Many companies featured on Money advertise with us. Opinions are our own, but compensation and
in-depth research may determine where and how companies appear. Learn more about how we make money.

Published: Nov 04, 2019 6 min read
Illustration by Jade Schulz

Welcome to Dollar Scholar, a personal finance newsletter written by a 27-year-old who’s still figuring it out: me.

Every week, I talk to experts about a money question I have, whether that’s “Are online banks sketchy? or “How many credit cards do I need?” As I learn, I share simple ways to improve your financial life… and post cute dog photos.

This is (part of) the 16th issue. Check it out below, then subscribe to get future editions of Dollar Scholar every Wednesday.

Nobody asked, but here are my definitive chip power rankings:

  1. 3D Doritos. I used to devour these chips in elementary school, and now every couple of months I check food news sites to see whether Frito-Lay has come to its senses and undiscontinued them. (No luck so far.)
  2. Chip Skylark, a Fairly OddParents character voiced by *NSYNC's Chris Kirkpatrick.
  3. Barbecue Fritos. Sadly, they are also no longer sold in stores. (Honey BBQ Twists can go to hell. They're not the same, and 15,000 of us know it.)
  4. Toffee chips, specifically Heath Bits o' Brickle.
  5. This one gigantic cheddar and sour cream chip I talk about to anyone and everyone who will listen.

You know what didn't make the list? Chip cards. I'm not a fan of chips, even though they seem to be everywhere nowadays. They take too long to use. Instead of speedily swiping and being on my merry way, I have to stand uncomfortably in front of the cashier until the card reader starts angrily beeping at me.

But with all the data breaches in the news lately, I've begun to wonder whether my annoyance is foolish. Should I shut up and trust the chip?

The short answer is yes, according to Julie Conroy, research director at the financial analyst firm Aite Group. The EMV chip, which is that tiny metal square embedded in most credit and debit cards, is wayyy safer than the magnetic stripe from days of old.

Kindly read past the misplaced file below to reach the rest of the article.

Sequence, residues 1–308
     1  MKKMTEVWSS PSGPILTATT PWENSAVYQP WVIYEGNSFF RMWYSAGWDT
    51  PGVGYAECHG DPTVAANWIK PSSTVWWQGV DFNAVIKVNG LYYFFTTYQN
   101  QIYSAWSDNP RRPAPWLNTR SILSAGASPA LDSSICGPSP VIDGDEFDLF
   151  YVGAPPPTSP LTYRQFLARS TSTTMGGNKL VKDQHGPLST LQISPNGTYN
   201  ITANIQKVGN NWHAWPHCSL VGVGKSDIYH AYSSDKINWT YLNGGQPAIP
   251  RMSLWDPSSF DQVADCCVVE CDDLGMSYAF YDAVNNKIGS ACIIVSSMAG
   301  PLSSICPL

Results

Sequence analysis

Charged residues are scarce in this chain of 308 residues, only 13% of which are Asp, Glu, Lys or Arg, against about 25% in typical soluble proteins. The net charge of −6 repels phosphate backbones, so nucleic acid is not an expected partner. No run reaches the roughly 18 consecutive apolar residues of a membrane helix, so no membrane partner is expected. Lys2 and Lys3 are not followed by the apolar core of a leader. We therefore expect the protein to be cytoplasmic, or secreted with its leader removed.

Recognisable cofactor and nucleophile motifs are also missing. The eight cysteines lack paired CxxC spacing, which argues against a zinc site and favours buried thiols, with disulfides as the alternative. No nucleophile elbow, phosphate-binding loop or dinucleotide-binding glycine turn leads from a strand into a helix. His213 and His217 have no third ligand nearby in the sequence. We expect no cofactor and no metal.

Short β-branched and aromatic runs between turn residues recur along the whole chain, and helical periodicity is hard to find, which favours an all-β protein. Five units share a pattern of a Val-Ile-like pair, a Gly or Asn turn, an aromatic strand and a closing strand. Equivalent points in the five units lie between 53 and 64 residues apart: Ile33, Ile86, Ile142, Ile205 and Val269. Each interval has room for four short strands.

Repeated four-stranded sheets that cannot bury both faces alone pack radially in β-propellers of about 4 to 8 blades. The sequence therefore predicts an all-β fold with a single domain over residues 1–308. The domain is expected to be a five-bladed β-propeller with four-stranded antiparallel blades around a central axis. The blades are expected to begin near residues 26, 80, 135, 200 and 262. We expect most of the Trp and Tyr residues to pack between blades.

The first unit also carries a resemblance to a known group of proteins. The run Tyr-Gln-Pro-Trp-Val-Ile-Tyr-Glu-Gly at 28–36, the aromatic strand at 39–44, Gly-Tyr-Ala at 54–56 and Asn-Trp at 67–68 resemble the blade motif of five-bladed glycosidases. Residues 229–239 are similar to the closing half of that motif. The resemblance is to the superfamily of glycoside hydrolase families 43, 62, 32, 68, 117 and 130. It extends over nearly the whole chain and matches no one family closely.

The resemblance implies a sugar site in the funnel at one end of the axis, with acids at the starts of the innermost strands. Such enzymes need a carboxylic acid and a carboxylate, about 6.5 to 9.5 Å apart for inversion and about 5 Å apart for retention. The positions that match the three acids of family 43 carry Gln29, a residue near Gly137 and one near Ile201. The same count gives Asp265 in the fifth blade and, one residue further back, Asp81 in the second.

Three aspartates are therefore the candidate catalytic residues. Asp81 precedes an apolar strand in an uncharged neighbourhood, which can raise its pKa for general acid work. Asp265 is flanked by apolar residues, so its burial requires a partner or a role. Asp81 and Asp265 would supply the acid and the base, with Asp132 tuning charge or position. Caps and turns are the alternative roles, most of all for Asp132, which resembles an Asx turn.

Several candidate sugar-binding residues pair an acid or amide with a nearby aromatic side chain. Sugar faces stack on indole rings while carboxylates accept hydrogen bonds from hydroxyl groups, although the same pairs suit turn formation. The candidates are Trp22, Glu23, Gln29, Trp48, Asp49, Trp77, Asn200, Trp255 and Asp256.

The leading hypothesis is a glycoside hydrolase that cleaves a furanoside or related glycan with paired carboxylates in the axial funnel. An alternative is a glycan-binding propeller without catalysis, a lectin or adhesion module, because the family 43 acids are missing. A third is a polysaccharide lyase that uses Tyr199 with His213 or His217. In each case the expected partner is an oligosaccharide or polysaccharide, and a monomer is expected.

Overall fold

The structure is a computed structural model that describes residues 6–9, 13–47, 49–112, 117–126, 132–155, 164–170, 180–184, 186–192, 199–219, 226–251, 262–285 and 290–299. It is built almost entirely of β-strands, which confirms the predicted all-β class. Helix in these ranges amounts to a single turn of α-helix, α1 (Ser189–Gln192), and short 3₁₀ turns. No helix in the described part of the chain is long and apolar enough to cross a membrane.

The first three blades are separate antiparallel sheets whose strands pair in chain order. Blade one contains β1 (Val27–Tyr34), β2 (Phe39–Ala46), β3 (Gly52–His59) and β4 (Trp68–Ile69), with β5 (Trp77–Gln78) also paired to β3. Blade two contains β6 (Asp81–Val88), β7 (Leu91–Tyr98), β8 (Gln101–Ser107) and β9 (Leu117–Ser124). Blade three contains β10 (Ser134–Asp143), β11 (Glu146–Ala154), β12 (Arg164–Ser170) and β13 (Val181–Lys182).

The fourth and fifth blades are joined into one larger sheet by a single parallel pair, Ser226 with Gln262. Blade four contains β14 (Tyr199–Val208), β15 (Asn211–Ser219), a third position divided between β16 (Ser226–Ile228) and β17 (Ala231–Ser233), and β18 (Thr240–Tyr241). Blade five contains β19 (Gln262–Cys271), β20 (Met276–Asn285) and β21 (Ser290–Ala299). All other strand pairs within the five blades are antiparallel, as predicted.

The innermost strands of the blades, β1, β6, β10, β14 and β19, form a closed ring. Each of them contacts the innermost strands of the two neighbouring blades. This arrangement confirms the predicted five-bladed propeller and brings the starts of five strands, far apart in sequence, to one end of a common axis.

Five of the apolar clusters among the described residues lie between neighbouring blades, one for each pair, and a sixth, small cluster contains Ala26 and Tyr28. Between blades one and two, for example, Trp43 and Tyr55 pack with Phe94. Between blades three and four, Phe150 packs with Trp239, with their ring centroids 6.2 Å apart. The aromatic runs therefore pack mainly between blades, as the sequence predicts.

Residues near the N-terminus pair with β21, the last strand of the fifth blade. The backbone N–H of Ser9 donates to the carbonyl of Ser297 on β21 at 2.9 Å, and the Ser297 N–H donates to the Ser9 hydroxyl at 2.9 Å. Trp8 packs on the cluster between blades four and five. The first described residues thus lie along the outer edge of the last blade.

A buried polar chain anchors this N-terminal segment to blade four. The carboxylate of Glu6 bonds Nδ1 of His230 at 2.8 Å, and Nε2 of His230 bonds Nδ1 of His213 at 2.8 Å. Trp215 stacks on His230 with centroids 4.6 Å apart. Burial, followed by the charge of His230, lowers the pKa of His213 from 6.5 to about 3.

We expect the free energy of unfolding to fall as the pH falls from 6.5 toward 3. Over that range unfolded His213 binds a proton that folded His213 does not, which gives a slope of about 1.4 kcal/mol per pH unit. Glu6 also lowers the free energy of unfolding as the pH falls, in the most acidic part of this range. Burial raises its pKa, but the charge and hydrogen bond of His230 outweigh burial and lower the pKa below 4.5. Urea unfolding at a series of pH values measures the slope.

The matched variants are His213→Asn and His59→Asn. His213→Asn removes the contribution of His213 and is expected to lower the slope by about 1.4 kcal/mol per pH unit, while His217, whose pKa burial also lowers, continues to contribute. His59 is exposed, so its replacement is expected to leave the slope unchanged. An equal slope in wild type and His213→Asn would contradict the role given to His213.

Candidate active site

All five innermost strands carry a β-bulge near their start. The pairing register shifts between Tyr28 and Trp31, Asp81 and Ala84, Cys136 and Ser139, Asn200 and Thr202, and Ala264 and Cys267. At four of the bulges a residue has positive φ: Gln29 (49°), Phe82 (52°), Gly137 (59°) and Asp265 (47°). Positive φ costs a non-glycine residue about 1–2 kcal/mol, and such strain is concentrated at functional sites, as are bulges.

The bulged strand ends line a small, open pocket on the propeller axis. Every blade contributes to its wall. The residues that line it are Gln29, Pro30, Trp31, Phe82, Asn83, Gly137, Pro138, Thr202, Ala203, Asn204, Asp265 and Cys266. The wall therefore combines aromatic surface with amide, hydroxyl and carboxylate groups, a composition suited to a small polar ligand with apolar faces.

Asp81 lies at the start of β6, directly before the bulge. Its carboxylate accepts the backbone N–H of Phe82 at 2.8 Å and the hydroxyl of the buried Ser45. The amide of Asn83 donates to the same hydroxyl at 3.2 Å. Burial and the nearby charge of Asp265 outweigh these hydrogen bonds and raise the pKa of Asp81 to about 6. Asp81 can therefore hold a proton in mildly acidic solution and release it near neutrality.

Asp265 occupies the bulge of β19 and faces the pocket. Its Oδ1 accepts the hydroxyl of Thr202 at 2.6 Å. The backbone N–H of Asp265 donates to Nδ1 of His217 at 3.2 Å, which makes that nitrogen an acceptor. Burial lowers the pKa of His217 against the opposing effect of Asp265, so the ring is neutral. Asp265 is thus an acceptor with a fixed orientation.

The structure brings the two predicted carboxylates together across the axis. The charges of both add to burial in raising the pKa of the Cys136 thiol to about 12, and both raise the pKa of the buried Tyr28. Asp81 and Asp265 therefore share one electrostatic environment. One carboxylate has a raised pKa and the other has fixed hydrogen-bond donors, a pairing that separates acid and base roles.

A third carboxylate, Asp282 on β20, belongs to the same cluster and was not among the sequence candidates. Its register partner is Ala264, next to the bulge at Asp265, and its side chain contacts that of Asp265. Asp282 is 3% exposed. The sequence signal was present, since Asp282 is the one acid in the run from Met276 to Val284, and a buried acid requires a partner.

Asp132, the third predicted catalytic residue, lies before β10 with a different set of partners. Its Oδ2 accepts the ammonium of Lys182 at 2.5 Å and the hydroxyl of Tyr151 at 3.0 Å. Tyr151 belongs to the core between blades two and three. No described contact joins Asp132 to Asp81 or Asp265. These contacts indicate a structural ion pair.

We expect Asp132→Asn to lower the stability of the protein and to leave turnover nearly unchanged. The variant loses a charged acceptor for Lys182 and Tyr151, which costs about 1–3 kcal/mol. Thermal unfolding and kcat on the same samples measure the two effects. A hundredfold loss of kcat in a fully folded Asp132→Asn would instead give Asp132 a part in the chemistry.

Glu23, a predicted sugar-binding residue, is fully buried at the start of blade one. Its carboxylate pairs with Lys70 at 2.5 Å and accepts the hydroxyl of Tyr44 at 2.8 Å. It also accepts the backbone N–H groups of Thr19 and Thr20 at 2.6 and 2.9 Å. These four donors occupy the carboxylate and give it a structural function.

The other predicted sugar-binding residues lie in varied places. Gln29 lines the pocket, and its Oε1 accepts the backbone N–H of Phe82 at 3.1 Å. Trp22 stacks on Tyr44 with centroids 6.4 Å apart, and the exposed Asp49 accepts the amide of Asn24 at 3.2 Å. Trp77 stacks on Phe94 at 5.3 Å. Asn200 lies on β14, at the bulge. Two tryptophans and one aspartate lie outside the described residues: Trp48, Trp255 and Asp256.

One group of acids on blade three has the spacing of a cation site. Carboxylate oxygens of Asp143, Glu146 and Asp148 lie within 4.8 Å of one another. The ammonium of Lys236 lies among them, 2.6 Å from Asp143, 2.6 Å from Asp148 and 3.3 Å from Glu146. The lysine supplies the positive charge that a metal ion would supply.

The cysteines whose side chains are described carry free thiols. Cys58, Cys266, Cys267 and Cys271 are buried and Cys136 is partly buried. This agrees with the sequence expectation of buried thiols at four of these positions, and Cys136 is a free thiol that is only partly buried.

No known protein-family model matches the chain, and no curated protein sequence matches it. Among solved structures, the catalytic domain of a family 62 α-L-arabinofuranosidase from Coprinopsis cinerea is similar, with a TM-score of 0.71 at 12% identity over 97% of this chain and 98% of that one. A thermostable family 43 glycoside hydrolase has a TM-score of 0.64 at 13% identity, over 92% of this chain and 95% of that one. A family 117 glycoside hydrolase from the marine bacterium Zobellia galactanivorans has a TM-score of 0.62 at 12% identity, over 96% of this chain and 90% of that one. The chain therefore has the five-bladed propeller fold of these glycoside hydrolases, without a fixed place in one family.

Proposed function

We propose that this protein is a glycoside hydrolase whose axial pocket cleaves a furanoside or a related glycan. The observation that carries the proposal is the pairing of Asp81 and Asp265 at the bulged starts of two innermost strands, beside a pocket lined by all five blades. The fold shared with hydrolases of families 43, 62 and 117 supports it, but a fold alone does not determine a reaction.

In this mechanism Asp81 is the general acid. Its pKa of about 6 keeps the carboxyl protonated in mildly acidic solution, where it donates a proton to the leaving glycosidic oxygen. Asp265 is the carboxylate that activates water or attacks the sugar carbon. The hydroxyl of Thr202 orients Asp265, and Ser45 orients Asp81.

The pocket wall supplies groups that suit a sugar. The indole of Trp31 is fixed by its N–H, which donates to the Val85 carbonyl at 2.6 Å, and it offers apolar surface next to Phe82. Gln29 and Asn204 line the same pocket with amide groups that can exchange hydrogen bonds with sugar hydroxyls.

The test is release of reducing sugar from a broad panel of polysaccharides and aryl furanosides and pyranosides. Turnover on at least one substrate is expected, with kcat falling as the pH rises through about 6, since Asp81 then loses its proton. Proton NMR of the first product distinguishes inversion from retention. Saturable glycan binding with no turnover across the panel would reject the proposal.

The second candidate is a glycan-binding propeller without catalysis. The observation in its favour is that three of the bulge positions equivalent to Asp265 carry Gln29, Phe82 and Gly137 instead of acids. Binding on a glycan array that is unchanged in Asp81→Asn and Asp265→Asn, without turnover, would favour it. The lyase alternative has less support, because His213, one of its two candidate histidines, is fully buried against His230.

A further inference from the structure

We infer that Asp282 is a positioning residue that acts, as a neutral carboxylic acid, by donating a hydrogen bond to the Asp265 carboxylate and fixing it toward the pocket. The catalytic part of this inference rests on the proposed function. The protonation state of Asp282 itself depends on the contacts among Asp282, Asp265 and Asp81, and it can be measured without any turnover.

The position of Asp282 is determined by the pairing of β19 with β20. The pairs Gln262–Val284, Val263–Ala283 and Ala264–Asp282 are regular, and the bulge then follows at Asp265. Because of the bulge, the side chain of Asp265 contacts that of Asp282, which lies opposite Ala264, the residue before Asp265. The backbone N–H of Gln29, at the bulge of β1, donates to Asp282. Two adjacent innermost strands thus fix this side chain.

The mag stripe was highly vulnerable to fraud because all of a person's payment data was contained within it. Whoever captured the mag stripe got that information, and that's how situations like the 2013 Target breach arose. Criminals were able to steal credit and debit card info from store payment terminals, which collected mag stripe data whenever customers swiped their cards. As many as 110 million people were affected.

Conroy told me that chip cards are "exponentially" safer. That's because when I dip my card, it transmits "a dynamic cryptogram that generates a unique code, and only the issuer on the other side of the equation has the key to that code," she says.

Basically, the chip makes it harder for bad guys to get and use my personal info. Love a good thwarting!

Because chip-supported shopping is so much safer, the payments industry has been working fast to get as many merchants as possible on board. It has long been trendy in Europe, but the U.S. didn't truly get moving until 2011/2012ish. That's when the major card companies announced they were making chips a priority.

Part of the way they forced retailers to switch was by setting a fraud liability shift date. Starting in October 2015, if a business didn't accept the chip and had fraud committed at their store, they were liable for the charges.

Amy Zirkle, the vice president of industry affairs for the Electronic Transactions Association, told me a lot of progress in this migration has been made in the past year or so. That could be why I'm seeing chips pop up more often in my life.

According to Visa, there are more than 3.5 million storefronts that now accept chip cards. (The changeover for gas pumps is ongoing.) It is having the intended effect: Chip-enabled merchants have seen a 76% decrease in fraud.

More good news: The amount of time I have to spend making awkward eye contact with the 7-Eleven worker when I just want to buy my Coke Slurpee and GTFO is shrinking. CardFellow reported there used to be a 15-second delay between inserting a card and having the payment go through. Now it's down to one second.

"At the end of the day, it's about protecting consumers and creating a more seamless, speedy experience," Zirkle says. "It may not have seemed that way initially, but that's what the goal is."

Bottom line: I should stop complaining about chip cards. Contactless payments are on the rise and wait times are decreasing, but the security is really the big improvement over the mag stripes I'm used to.

"The chip is like a sophisticated computer," Zirkle says. "The minute you insert the card, you're in a much safer environment."

Photo by Peter Ardito